Hot House: Oakdene, 1021 Greenspring Valley Road, Lutherville, 21093
Historic country manor house in stone and stucco, circa 1830, in good but basic condition. 12 bedrooms, 9 bathrooms, 9’ ceilings, hardwood floors, french doors, ballroom, carved moldings, servant quarters. Nearly 10,000 sq. ft. over three stories, unfinished basement. Swimming pool, barn, stables and farm hand’s house: $2,900,000
What: A vanishing way of life. Owned by a series of old Baltimore families – Cockeys, DeFords, Carrolls – Oakdene passed finally, in 1920, to the Trimbles. “Five generations of my family have slept under this roof,” says Bill Trimble, a little sadly, “with nothing but pleasant memories.” It’s a lovely old place, named for its gigantic oak trees, a few of which remain. A long drive leads way back from the road, past the mown fields. There are 24 acres here, surrounded by that holy grail of the countryside: “protected land.” Kevin Plank and Buck Showalter would be your neighbors. Oakdene has a kind of rambling, country charm that’s sweeter than some of the more formal estates out here, and it looks like a real home. It’s been decently maintained, which is not to say that it doesn’t need work. New kitchen, new bathrooms, at a minimum. The his-and-hers master bedrooms probably won’t work for you (hopefully), and there’s general cosmetic work to be done, at least $500,000 worth. The upside of that is that you can leave your personal stamp on the place, and with any luck, five generations of your family will sleep here.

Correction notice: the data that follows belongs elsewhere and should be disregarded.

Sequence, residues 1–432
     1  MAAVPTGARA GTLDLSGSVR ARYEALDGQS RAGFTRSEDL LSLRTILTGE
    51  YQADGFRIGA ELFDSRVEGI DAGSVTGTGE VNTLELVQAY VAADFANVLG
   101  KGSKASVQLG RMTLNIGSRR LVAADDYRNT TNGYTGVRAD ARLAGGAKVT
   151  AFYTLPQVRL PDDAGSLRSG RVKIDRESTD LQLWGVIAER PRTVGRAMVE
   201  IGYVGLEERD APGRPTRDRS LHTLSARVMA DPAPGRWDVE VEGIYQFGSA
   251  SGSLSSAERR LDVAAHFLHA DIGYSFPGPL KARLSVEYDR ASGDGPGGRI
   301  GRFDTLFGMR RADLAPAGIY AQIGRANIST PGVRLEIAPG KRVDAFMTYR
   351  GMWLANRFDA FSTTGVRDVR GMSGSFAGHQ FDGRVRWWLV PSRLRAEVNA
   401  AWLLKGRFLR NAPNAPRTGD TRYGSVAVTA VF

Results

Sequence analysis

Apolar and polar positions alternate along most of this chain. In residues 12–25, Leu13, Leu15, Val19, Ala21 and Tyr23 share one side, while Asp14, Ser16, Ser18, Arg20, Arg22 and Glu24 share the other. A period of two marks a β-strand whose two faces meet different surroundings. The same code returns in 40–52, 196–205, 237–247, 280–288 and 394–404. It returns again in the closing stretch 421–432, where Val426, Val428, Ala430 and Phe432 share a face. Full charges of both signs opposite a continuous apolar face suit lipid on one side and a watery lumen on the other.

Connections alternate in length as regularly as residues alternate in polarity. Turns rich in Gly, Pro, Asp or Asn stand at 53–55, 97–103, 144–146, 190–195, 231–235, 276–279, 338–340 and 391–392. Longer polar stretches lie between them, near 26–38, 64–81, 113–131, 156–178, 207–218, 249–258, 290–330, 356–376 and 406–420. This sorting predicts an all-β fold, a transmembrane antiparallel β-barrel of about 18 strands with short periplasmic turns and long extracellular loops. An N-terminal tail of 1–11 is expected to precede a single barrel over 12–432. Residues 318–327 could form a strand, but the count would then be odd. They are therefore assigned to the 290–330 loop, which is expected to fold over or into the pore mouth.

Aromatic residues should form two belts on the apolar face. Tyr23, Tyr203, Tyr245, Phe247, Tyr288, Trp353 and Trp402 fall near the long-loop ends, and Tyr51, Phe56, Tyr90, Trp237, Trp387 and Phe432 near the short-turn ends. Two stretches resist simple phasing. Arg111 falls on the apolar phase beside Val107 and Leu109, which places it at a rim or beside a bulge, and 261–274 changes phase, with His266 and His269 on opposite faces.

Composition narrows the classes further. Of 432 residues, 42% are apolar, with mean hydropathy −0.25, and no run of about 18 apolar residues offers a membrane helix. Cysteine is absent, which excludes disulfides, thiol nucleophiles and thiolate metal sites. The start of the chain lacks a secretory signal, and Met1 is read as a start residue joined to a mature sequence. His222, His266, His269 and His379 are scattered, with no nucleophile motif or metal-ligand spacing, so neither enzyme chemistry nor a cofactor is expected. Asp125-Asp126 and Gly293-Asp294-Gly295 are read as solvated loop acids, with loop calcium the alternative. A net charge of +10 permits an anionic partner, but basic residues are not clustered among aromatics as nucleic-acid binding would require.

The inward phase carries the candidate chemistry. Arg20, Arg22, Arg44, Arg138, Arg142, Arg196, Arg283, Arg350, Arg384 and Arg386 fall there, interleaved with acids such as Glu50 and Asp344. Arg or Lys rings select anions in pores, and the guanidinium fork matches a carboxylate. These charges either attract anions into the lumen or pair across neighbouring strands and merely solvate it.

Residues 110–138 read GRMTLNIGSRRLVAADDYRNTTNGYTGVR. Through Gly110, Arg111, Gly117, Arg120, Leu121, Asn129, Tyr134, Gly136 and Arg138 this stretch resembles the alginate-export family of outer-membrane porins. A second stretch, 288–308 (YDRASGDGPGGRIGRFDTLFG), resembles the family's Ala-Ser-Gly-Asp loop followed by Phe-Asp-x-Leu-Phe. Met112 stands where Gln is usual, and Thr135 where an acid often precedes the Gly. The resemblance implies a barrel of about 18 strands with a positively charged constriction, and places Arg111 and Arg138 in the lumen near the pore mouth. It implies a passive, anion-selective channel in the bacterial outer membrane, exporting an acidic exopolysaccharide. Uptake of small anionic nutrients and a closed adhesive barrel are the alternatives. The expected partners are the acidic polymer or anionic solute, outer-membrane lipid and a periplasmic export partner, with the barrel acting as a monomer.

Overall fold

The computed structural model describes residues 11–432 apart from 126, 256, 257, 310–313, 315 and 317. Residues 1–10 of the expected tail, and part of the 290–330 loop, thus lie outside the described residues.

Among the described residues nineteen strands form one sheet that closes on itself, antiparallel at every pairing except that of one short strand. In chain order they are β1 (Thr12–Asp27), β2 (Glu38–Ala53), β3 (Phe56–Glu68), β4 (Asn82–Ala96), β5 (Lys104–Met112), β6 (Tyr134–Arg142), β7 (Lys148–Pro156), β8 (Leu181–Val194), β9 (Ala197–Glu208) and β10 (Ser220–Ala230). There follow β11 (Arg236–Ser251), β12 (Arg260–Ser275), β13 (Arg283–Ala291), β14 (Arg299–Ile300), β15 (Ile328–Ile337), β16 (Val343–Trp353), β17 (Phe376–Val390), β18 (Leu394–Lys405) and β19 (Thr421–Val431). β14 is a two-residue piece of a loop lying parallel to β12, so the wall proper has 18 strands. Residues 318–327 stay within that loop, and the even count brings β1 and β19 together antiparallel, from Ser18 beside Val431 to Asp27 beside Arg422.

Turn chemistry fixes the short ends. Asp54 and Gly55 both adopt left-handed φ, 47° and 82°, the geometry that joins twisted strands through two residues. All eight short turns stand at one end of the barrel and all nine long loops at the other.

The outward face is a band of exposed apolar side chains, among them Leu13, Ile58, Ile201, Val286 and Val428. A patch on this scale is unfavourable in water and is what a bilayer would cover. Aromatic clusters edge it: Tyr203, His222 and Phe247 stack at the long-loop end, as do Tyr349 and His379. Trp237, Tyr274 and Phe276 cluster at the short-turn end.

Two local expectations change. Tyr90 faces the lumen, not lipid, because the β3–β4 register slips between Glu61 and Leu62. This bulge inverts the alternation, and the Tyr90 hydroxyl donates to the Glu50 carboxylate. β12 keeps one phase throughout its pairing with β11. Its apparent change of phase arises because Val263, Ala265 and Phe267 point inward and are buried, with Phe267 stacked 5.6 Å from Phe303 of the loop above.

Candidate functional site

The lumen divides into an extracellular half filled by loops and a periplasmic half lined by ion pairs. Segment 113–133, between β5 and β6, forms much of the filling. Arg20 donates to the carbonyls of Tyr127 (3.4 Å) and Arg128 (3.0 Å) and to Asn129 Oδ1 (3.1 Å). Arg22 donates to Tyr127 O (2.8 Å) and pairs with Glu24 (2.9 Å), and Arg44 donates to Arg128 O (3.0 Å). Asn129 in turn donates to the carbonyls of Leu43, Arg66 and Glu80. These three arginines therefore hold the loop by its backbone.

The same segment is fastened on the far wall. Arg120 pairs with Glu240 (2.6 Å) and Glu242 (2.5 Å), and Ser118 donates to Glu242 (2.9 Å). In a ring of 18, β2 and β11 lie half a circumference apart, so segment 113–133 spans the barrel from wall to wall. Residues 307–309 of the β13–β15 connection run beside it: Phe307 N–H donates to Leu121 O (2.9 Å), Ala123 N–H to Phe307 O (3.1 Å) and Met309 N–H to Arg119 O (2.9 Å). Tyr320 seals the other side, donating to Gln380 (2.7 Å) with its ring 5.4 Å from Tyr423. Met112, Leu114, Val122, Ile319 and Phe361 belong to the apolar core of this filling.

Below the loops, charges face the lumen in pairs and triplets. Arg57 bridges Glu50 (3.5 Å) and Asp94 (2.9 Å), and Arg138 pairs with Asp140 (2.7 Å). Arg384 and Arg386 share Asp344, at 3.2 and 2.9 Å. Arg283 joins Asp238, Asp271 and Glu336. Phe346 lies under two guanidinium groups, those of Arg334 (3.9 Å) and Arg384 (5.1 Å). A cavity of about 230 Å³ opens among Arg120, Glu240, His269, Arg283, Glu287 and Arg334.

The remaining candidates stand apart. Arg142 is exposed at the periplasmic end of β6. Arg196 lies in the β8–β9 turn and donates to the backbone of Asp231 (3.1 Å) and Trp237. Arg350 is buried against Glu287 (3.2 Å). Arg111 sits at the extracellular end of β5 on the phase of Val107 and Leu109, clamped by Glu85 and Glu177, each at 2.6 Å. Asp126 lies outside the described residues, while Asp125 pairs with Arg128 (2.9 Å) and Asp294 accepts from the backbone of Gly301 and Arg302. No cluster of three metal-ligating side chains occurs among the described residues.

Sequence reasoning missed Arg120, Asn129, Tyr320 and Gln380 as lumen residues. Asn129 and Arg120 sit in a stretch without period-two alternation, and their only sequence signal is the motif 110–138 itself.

Where: From Green Spring Station, Oakdene is about a mile out Greenspring Valley Road, on your left. St. Paul’s School is nearby, over on Falls Road. At Green Spring Station you can hang at the Stone Mill Bakery, Tark’s Grill (at least check out the bar scene) and shop for jewelry at Bijoux. Access to the wide world of Baltimore is easy from here, via Falls Road and 83.
Would Suit: Incomers, who want privacy and/or horses with city access.
Why: Potential to be a Martha Stewart-like dream property – chickens, vegetable gardens, rose gardens, ponies, friends, children.
Why Not: Annoying view of nearby house with baby blue aluminum siding shatters bucolic mood. A couple of evergreen magnolias could block it out.
Hot House is sponsored by Cindy Conklin and Bob Merbler of Prudential YWGC Realty
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